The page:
African American Legislators (Nineteenth Century)

In Arkansas, between 1868 and 1893, at least eighty-seven African American men were elected to and served in the Arkansas General Assembly. Reconstruction policies and amendments to the U.S. Constitution outlawed slavery, redefined citizenship to include freed slaves, and granted universal male suffrage regardless “race, color, or previous condition of servitude.” In Arkansas, these changes led to the election of Black men to state and local offices. These legislators and other officeholders were primarily elected from areas with large Black populations––Arkansas’s plantation regions in the east and southwest as well as urban areas like Little Rock (Pulaski County), Pine Bluff (Jefferson County), and Helena (Phillips County).

Historians are still piecing together the lives of these men; nevertheless, research shows that the elected men were a diverse group. Many had been free, living in the North before the Civil War, while others were former slaves in Arkansas or nearby states. Leaders in their communities, most appear to have received an education and were capable, literate, and ambitious men. They came to prominence as educators and ministers, but their ranks also held former Union soldiers, newspaper editors, merchants, farmers, lawyers, and at least one doctor.

Early in Reconstruction, a number of important leaders emerged. Most prominent among the eight Black delegates to the 1868 Arkansas Constitutional Convention were William H. Grey, James T. White, and James W. Mason. All three were educated and later served in the General Assembly. Of the three, only Mason was born in Arkansas. The son of Arkansas’s largest planter and an enslaved woman named Cynthia, Mason received an education at Oberlin College in Ohio and in Paris, France. In 1867, at Sunnyside in Chicot County, he became the first known Black postmaster in the country. Grey and White, born free in Washington DC and Indiana, respectively, came to Helena in 1865. Grey was a merchant and minister in the African Methodist Episcopal Church and later became the first Grand Master of the Most Worshipful Grand Lodge (Colored) of Free and Accepted Masons of Arkansas. White, a Baptist minister, headed the church’s mission work among the freedmen in Helena and later edited newspapers like the Arkansas Review. During the 1868 convention, these three, along with the other Black delegates, defended the right of Black men to vote, a key provision for readmission to the Union.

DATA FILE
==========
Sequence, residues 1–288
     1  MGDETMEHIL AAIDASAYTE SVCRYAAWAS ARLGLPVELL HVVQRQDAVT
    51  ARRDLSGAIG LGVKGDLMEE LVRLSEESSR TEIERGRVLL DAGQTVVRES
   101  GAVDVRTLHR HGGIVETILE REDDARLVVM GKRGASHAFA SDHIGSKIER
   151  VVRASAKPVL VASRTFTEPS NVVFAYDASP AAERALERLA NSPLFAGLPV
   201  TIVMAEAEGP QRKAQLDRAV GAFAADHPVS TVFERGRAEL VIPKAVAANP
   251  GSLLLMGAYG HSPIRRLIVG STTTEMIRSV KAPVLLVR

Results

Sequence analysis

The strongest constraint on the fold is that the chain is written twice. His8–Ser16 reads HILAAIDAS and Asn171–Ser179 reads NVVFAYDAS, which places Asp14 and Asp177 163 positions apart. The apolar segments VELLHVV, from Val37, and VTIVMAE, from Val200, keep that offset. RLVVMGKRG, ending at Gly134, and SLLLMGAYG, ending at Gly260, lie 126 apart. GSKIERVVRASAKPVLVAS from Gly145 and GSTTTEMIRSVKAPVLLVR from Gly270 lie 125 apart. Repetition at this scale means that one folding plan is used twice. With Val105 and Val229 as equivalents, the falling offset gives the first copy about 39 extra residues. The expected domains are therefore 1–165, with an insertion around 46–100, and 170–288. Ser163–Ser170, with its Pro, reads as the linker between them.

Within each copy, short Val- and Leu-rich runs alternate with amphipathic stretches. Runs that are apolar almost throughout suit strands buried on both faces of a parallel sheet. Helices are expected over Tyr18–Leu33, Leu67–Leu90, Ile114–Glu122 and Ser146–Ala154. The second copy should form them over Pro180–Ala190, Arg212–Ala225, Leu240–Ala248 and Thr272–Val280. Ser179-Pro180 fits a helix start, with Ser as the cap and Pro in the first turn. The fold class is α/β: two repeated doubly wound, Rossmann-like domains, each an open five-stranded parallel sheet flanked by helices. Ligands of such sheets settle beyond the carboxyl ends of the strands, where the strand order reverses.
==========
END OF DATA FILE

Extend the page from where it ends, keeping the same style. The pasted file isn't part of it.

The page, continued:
During the initial period of Reconstruction from 1868 to 1874, Arkansans elected thirty-five Black men to forty-five positions in the General Assembly. In 1873, the number of Black men in the legislature peaked at twenty-one—seventeen in the House and four in the Senate. The men took an active role within the Republican Party supporting civil rights, public education, economic development, and efforts to maintain law and order—especially combating intimidation of African Americans by the Ku Klux Klan.